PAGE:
“Most track owners don’t want to race greyhounds anymore. The only reason they are doing it is because they are required to by law in order to run their card tables,” Smith said.

Tom Grady

Jeff Atwater’s surprise departure makes CFO job the hottest in state

Never mind who’s running for Governor in 2018, Floridians want to know which Republicans are in the running for Florida Chief Financial Officer now that CFO Jeff Atwater announced he is leaving this year, with speculation starting with Tom GradyTom Lee, Will Weatherford and Teresa Jacobs and including seven or eight others.

Grady, a securities lawyer who is a former state representative who also has held several positions in state government, is widely reported as a close friend of Gov. Rick Scott, who will select a replacement for Atwater for the nearly two full years left in the term.

Weatherford, a venture capital and business consultant, is a former Speaker of the House who draws praise from the Florida Chamber of Commerce, and who recently announced he’s not running for Governor.

Jacobs is the Orange County Mayor and a former banker who always sounds like she’s already someone’s chief financial officer, and who reportedly has been exploring a possible state run for that job in 2018 when she’s term-limited from the mayor’s office.

Names tumbling around Tallahassee  – some with more spin than others – also already have included Jacksonville Mayor Lenny Curry, former Speakers Steve Crisafulli and Dean Cannon, state Sens. Jack LatvalaAaron BeanJeff BrandesLee and Lizbeth Benacquisto, state Rep. Jim Boyd, former state Sen. Pat Neal, and Lt. Gov. Carlos Lopez-Cantera.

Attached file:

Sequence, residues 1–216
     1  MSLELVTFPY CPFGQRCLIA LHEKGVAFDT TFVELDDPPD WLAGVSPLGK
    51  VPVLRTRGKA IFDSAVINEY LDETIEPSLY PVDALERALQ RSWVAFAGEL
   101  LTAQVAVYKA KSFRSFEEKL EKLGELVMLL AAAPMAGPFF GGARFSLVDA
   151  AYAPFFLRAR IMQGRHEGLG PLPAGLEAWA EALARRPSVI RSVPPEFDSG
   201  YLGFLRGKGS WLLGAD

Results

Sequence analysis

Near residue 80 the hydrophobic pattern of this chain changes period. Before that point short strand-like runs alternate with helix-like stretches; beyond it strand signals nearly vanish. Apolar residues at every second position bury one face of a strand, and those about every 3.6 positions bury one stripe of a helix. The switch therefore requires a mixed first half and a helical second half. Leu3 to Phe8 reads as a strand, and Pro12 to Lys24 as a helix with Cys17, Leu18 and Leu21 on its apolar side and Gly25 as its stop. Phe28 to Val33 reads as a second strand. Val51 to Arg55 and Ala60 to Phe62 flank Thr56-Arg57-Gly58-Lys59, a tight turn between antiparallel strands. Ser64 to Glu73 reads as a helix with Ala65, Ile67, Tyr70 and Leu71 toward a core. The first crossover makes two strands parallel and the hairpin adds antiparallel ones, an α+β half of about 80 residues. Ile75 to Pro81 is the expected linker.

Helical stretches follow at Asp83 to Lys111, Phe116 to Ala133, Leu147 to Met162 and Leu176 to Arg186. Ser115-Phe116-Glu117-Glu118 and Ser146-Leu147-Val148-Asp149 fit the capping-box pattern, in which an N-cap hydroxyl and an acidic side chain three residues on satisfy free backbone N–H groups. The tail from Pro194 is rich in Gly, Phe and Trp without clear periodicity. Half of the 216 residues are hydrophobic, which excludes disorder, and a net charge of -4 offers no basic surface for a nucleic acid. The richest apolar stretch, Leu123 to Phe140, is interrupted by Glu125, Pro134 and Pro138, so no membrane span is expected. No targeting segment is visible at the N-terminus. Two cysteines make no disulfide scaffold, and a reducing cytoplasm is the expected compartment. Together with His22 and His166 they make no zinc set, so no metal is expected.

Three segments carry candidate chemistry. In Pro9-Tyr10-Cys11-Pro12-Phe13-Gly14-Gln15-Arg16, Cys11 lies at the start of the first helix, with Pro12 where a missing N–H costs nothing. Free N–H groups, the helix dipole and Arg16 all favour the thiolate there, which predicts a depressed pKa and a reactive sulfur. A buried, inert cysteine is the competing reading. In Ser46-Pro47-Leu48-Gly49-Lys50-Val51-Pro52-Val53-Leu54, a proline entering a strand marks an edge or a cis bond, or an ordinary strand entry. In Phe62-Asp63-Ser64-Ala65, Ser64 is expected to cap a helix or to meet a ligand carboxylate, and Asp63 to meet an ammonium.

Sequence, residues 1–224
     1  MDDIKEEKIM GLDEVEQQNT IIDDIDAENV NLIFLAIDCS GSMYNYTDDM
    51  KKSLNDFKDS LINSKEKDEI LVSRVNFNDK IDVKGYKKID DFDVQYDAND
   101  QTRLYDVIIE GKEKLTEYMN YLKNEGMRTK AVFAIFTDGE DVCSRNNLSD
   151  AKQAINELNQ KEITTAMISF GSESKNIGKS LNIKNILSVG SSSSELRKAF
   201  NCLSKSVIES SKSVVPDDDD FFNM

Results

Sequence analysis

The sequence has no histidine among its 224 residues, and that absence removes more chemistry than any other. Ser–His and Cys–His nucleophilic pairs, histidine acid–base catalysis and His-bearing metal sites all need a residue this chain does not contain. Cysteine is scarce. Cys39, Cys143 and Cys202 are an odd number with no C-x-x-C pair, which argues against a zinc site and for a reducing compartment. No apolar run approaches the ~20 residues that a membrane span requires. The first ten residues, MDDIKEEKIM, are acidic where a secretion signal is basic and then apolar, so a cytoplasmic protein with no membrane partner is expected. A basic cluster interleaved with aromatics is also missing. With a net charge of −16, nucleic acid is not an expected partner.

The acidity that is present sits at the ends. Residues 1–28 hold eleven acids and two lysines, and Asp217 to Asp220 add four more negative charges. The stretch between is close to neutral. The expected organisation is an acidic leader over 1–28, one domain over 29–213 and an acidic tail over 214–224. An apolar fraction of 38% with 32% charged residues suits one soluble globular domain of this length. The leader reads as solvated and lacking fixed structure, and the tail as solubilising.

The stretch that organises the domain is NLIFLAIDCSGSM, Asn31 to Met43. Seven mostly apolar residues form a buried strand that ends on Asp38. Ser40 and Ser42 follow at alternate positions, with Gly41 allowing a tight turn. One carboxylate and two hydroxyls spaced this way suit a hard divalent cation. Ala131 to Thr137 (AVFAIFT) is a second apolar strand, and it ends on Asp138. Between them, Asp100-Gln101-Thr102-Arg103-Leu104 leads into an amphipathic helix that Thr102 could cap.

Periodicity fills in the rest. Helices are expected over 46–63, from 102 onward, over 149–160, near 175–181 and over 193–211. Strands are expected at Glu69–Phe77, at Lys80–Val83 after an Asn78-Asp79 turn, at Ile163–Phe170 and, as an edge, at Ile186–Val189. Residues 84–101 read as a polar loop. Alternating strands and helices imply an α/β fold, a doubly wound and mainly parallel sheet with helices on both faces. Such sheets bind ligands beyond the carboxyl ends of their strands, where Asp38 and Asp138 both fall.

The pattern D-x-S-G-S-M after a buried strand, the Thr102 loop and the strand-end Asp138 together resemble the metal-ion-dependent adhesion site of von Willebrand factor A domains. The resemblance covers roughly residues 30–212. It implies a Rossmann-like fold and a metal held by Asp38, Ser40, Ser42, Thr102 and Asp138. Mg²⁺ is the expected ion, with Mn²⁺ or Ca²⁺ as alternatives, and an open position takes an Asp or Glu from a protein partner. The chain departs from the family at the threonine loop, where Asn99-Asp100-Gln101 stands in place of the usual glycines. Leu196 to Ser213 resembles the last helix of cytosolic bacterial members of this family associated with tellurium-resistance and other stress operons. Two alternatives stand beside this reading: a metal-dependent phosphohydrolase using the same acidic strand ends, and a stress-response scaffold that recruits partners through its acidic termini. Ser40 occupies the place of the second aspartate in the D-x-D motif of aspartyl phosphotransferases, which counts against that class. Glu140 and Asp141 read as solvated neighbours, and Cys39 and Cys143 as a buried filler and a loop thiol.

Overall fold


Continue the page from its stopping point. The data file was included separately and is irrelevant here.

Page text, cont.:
Atwater was once a widely-speculated candidate for Governor himself, but that buzz cooled to nothing and on Friday he surprised much of Florida’s political establishment by announcing that he’s planning office to become vice president for strategic initiatives and chief financial officer at Florida Atlantic University after the Florida Legislative Session.

Besides overseeing the states’s financial operations and financial and insurance regulations, as well as the state fire marshal’s office, the job is a full-voting position on the Florida Cabinet. It’s normally filled by statewide vote, for a four-year term, and Atwater was to be term-limited out with the 2018 election.

Atwater’s office’s imminent availability is so fresh almost no one has had time to actually declare interest in it. No one has filed to run in 2018.

Said Brandes in a tweet Friday, “I haven’t talked to the governor yet, but if I was asked, I would carefully consider it.”

Grady, from Scott’s hometown of Naples, has been looking around. He recently was interviewed for the open president’s post at Florida Gulf Coast University, and last cycle talked briefly about running for Congress in Florida’s 19th District. Last year he declined an opportunity to become the state’s insurance commissioner. He’s on the state board of education, is a former commissioner of financial regulations and a former interim president of Citizens Property Insurance Corp. the state-chartered insurer of last resort.

Once this is done there may be another opening on the cabinet, as state Attorney General Pam Bondi remains a widely-speculated prospect to move on to Washington as part of President Donald Trump‘s team.

Report cites Orlando, Miami, for having large undocumented immigrant populations

Miami and Orlando are among the biggest homes in the United States to unauthorized immigrants, according to a new report from the Pew Research Center.

The report, base on 2014 data analyzed by Pew, estimates that there are 450,000 undocumented immigrants in the Miami-megaplex that includes Fort Lauderdale and West Palm Beach, ranking the metro area as the fifth largest, behind New York, Los Angeles, Houston and Dallas, but ahead of Chicago and Washington D.C.

In the Orlando-Kissimmee-Sanford metropolitan area, the report estimates 110,000 unauthorized immigrants, ranking 19th nationally. The Orlando is the nation’s 25th largest metro area.